Rain today and tomorrow - at least it's not snow. The "Early Spring" forecast is holding up so far. Of course it's only been four days since Groundhog Day.

    Claire

  • claireplymouth z6b coastal MA

    National Geographic has an article

    Why this coyote and badger 'friendship' has excited scientists

    including a video that shows a playful coyote chumming around with a badger.

    It puts a whole new look on these supposedly serious animals.

    Claire

  • NHBabs z4b-5a NH

    My preferences are a bit different - I love possums, but would rather have coyotes than groundhogs any day.

    Claire, I watched that video - very sweet and unexpected.

  • corunum z6 CT

    Too tired to search for an answer, but I'm guessing the RB Woodpecker's head is turned roughly 80° isn't it? Seems like a lot.




    It was a dark and stormy morning yesterday when the robins completely cleaned the red chokeberry outside my window.




    So glad the Carolina Wrens live here.




    This guy (pileated woodpecker) does a number on a maple out back. I don't want to lose another tall beauty.


    Jane

  • corunum z6 CT

    Claire, I'm posting this on your thread because it directly relates to "other critters". The little cypress tree stays on the deck spring-fall, then I bring it in because it is a planting zone higher. I put the little tree in a south-facing window and discovered that a chipmunk had planted cherry tomato seeds - or spat them out is more like it. Now the tomato plant has buds. The last picture is the other gardener.





    Jane

  • claireplymouth z6b coastal MA

    Nice series of photos, Jane. The red-belly certainly has a wide range of head-turning - useful, I guess, if you're worried about predators. Humans use rear-view mirrors to see behind them but it would be great to be able to just swivel around when parking the car.

    The chipmunk is probably waiting for its tomato harvest. I hope you plan to share with it. (I'm thinking I should start getting used to using the gender-neutral "their" and "them".)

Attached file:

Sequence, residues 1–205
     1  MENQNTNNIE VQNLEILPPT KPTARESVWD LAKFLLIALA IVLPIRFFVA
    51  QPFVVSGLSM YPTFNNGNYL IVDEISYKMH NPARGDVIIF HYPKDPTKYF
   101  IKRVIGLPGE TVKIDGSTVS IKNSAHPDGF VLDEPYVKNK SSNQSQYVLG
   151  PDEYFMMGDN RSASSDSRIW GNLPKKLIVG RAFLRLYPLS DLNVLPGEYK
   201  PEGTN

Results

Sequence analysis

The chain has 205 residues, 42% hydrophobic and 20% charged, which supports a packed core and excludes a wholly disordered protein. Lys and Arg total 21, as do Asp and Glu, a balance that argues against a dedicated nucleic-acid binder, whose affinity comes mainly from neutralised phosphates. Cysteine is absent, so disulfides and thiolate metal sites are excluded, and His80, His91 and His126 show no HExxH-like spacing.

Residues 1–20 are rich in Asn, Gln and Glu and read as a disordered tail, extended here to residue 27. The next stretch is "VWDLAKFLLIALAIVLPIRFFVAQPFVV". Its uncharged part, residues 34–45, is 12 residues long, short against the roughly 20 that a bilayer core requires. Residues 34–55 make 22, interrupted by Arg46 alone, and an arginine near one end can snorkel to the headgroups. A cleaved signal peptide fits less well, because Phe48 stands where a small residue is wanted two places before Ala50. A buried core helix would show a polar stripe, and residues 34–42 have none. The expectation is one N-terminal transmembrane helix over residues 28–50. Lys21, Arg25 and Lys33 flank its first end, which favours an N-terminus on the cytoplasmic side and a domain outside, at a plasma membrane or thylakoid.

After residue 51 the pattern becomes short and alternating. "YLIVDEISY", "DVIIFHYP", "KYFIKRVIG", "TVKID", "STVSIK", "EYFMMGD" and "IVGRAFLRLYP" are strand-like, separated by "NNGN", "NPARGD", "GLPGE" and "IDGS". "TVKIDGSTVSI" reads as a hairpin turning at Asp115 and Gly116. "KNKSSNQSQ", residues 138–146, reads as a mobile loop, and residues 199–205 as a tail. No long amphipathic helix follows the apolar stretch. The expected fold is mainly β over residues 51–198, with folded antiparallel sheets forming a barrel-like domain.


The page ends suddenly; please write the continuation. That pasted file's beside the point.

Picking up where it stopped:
Claire

  • NHBabs z4b-5a NH

    Jane, IME, most birds can turn their heads at least 180 degrees from front, and for some like owls, it is close to 270 degrees. Pretty amazing, but they cannot afford the weight of a lot of muscles in their head to turn their eyes because they wouldn’t be balanced for flight. So they have the muscles for turning to allow wide vision closer to body center.

  • corunum z6 CT

    Most people applaud 'Birds-in-Flight' photos. I have some okay ones. However, ... I just made a folder for all my "DAY LATE BUCK SHORT SHOTS". (say that 3 times quickly😂)
    Even lousy shots beat the news.

    Red-bellied on bottom, titmouse tail on top

    Downy jump

    Nuthatch tushy shot top left, Downy (lots of dots) bottom right

    Hairy woodpecker in flee mode, more lots of dots

    Jane

  • corunum z6 CT

    Couldn't help myself...


    claireplymouth z6b coastal MA thanked corunum z6 CT
  • claireplymouth z6b coastal MA

    Quoth the poet, "Nevermore".

    Claire

  • claireplymouth z6b coastal MA

    The temperature dropped to about 10 degrees last night and I was worried about birds and plants that have gotten used to daytime (and sometimes nighttime) temperatures way above freezing.

    To top it off, yesterday a flock of about nine red-winged blackbirds showed up, adding to my worries about the sudden cold.

    Well, this morning I was out very early stomping out ice and refilling birdbaths. The heated birdbath held temperature OK, but it was so dry that the birdbath was almost empty in the morning.

    The temperature has rebounded to the mid to upper twenties and there have been birds everywhere - useful because I'm counting for GBBC.

    The frosting on the cake is a flock of about 25 red-wings and they've been singing! That red-winged blackbird song is a very welcome sign that spring will indeed come (one of these days, after a few more dope-slaps from Mother Nature).

    Claire

  • claireplymouth z6b coastal MA

    I just set up a new thread, Birds and other mobile features in the garden 2020 #1, since this thread is getting long and slow to load for some.

    As always, you're welcome to continue the discussion on this thread, but please post new material on the new thread.

    Claire